Shares of California-based Apple sank below $90 for the first time in nearly two years during trade Thursday, ceding the title of the world's largest company by market valuation to Google parent Alphabet, which is also based in the San Francisco Bay area.
With investors souring on the outlook for sales of its iPhones and iPads, and no new blockbuster consumer electronics product in its offerings, Apple shares fell sharply to $89.47 in early trade before coming back to end the day off 2.4 percent at $90.34. That was enough to lose the title of the world's largest company to Alphabet, whose shares lost just 0.3 percent and are valued at $713.31. Apple ended the day valued at $494.8 billion by market capitalization, while its Silicon Valley rival Google was just a bit shy of $500 billion. Apple shares have lost about 14 percent since the beginning of 2016 and are down one-third from the peak of $132.54 one year ago.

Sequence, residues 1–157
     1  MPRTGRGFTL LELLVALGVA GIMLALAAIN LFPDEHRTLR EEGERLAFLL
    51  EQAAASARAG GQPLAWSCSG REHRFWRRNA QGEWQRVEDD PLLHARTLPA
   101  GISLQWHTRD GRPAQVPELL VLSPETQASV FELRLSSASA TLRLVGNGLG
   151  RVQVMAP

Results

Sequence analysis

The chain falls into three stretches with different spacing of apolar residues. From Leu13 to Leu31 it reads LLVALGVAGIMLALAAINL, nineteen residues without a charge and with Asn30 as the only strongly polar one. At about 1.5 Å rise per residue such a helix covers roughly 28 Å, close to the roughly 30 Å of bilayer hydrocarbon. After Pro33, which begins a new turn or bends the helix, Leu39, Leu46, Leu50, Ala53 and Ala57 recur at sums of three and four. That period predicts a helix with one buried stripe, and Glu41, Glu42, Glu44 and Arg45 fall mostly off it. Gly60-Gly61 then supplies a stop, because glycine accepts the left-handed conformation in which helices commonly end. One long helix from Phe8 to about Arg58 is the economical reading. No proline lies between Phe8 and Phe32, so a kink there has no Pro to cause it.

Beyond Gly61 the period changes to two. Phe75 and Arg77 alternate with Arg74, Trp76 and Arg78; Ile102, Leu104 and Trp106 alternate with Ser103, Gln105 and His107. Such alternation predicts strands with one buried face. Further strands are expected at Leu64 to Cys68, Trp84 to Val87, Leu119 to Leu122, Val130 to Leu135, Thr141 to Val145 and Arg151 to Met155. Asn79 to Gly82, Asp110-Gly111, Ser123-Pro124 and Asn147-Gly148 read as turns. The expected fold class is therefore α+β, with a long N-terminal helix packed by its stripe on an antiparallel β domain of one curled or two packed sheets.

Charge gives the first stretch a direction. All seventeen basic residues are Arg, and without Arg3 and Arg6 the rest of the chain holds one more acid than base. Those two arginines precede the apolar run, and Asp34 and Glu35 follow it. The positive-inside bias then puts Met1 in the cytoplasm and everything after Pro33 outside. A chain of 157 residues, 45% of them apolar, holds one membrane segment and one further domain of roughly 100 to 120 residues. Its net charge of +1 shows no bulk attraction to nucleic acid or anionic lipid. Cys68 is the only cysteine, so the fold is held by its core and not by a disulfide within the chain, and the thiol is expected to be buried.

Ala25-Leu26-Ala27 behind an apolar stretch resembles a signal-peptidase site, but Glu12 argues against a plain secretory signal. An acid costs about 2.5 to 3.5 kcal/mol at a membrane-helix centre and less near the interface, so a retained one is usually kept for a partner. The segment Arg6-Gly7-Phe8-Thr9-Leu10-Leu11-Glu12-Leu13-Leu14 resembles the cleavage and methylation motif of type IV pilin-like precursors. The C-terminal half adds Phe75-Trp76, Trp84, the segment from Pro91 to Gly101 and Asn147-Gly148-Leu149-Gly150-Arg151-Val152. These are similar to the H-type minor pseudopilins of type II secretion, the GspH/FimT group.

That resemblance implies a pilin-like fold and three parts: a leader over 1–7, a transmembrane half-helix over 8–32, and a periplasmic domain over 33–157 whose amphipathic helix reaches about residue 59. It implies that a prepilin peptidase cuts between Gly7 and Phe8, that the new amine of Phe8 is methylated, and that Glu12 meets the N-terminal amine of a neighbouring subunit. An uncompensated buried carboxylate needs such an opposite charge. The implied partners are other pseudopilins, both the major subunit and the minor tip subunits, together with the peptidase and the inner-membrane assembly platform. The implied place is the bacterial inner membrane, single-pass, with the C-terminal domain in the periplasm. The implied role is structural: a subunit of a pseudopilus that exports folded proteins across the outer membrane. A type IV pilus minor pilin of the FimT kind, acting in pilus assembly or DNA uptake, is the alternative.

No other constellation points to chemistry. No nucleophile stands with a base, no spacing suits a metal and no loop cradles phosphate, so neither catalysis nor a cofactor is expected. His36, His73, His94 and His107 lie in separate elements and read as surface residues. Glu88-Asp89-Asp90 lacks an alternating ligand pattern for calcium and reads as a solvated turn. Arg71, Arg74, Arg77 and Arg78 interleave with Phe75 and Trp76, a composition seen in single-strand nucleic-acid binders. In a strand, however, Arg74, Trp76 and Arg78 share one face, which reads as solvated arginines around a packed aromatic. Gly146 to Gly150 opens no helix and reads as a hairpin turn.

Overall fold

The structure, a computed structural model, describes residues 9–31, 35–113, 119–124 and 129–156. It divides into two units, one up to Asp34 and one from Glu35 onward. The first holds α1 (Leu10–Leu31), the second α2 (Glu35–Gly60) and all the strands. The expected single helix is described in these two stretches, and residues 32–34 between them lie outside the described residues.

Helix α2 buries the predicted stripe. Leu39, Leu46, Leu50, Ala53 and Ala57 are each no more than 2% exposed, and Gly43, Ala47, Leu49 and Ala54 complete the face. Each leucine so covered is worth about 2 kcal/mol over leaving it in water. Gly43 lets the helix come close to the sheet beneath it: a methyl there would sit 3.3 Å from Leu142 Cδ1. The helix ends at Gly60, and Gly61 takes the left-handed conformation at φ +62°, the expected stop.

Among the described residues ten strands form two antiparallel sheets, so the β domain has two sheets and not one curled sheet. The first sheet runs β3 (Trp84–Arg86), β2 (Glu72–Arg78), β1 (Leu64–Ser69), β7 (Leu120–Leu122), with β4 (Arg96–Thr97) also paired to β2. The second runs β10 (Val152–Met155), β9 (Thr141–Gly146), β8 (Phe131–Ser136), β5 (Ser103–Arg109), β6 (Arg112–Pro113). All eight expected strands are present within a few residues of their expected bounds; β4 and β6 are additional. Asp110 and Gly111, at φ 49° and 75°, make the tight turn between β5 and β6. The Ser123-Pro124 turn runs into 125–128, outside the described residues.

Apple stock has slid sharply since mid-April, hit in part by the company's disappointing fiscal second-quarter earnings, which showed a decline in revenues and the first quarterly drop in iPhone unit sales since launching the smartphone in 2007. Worries were mounting over the pace of iPhone sales, the company's top earner, amid reports that consumers worldwide are generally replacing their phones less often than before. Key Asian producers of components for Apple were also seeing their shares pummeled on the forecast for slower iPhone sales. And analysts at UBS cut their outlook for Apple's share price on Wednesday to $115 from $120 on lower sales forecasts.
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